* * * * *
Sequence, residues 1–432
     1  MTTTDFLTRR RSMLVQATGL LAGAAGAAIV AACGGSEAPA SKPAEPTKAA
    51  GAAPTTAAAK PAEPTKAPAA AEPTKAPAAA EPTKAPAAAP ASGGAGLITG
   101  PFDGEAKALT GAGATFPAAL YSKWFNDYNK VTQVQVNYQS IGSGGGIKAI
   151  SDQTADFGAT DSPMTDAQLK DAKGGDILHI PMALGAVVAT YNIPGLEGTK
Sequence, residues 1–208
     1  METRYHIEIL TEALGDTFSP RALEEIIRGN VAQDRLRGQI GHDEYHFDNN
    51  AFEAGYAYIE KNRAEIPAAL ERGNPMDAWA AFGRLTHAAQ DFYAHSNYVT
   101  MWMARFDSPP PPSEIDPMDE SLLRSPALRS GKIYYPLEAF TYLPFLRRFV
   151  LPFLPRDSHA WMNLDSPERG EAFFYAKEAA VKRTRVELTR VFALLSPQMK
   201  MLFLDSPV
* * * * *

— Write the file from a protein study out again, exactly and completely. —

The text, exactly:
Sequence, residues 1–432
     1  MTTTDFLTRR RSMLVQATGL LAGAAGAAIV AACGGSEAPA SKPAEPTKAA
    51  GAAPTTAAAK PAEPTKAPAA AEPTKAPAAA EPTKAPAAAP ASGGAGLITG
   101  PFDGEAKALT GAGATFPAAL YSKWFNDYNK VTQVQVNYQS IGSGGGIKAI
   151  SDQTADFGAT DSPMTDAQLK DAKGGDILHI PMALGAVVAT YNIPGLEGTK
Sequence, residues 1–208
     1  METRYHIEIL TEALGDTFSP RALEEIIRGN VAQDRLRGQI GHDEYHFDNN
    51  AFEAGYAYIE KNRAEIPAAL ERGNPMDAWA AFGRLTHAAQ DFYAHSNYVT
   101  MWMARFDSPP PPSEIDPMDE SLLRSPALRS GKIYYPLEAF TYLPFLRRFV
   151  LPFLPRDSHA WMNLDSPERG EAFFYAKEAA VKRTRVELTR VFALLSPQMK
   201  MLFLDSPV